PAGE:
Haida Gwaii, Haida Nation Territory — The latest call-out of British Columbia’s crown auto insurer is coming from Haida Gwaii residents who have voiced concern that ICBC has left the island northwest of B.C. stranded when it comes to filing collision claims.
It was reported by the CBC on Tuesday that for many living on the west coast First Nation Territory, successfully filing a claim with the Insurance Company of British Columbia (ICBC) is can be an expensive ordeal.
Lisa Pineault hit a bear with her truck while driving in Haida Gwaii a month ago and when she went about filing the claim for the accident, she was told that she would have to travel more than six hours, via ferry and her damaged truck, to Terrance, B.C. to have her vehicle assessed.
After a series of appeals to ICBC to provide an alternative, such as sending photos of the damage as was suggested by a local bodyshop, Pineault was allowed to forego the long and expensive trip it would have taken to bring her truck in physically.
However, the Haida Gwaii resident and councillor for the village of Queen Charlotte wants to make sure that her neighbours won’t have to endure the same hassle that she was put through.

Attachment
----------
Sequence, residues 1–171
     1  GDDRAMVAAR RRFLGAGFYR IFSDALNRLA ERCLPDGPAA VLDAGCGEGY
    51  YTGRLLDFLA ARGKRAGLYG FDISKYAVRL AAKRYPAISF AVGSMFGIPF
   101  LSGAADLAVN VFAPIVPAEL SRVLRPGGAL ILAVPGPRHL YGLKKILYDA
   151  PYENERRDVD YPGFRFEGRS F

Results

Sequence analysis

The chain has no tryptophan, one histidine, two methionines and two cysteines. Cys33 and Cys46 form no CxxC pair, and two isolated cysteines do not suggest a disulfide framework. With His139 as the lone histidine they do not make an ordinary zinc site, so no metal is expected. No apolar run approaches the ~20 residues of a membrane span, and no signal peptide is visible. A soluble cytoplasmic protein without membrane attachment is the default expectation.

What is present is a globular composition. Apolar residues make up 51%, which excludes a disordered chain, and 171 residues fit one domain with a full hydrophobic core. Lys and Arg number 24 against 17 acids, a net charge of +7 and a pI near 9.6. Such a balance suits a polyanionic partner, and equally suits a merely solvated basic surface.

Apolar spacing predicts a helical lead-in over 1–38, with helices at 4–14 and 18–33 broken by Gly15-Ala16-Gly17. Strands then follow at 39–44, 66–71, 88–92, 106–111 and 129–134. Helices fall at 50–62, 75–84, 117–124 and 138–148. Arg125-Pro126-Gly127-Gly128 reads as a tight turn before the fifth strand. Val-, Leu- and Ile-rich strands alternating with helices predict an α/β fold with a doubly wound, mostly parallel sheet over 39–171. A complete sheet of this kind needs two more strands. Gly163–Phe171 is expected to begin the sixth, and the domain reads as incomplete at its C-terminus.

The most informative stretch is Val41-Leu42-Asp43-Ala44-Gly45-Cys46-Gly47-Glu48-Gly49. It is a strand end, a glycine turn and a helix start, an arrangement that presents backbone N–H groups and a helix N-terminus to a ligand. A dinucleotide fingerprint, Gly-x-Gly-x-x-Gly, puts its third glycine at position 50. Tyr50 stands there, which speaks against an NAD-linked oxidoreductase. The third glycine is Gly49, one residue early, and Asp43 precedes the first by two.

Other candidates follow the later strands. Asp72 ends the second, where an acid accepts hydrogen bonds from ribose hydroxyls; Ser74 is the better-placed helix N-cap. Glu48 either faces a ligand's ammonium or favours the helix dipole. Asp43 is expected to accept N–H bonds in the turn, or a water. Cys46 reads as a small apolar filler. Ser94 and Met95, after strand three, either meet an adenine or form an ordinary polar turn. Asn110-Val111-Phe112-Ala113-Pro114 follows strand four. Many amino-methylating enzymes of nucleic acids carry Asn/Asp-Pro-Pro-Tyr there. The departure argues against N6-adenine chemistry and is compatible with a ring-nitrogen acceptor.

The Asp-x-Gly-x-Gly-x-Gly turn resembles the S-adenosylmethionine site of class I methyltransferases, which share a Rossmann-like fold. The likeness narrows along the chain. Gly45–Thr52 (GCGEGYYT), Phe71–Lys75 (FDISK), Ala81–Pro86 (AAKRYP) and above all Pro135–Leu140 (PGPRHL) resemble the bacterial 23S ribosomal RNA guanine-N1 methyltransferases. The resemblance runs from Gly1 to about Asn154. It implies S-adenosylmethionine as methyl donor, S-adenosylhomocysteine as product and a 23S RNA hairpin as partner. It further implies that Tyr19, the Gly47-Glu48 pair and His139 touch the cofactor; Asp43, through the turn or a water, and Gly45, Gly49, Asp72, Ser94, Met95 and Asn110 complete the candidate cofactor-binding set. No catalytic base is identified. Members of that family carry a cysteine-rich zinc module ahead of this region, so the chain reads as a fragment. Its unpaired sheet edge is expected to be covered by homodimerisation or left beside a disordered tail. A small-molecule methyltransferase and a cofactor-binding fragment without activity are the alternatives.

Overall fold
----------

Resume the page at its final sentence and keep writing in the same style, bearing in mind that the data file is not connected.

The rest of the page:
“If I hadn’t followed through—which is what happens with a lot of people when they’re told they’ll have to make the [round trip] off-island—I wouldn’t have even known that was a possibility,” said Pineault. “That’s what we’re trying to change.”
ICBC used to send an adjuster to the island to make rounds, assessing vehicle damage claims, but this was discontinued several years ago, according to Pineault.
“He [the adjuster] would travel all through Haida Gwaii to go to all the communities,” she told Carolina de Ryk, host of CBC’s Daybreak North. “But we currently don’t have an adjuster that comes here.”
Pineault is now calling on the All-Islands Protocol Table, a coalition of Haida First Nation and other local governments including Queen Charlotte, to push ICBC to make her case the standard for people living on the island or to resume sending an adjuster regularly.
Meanwhile, Pineault says her truck is driveable and has repairs scheduled for January.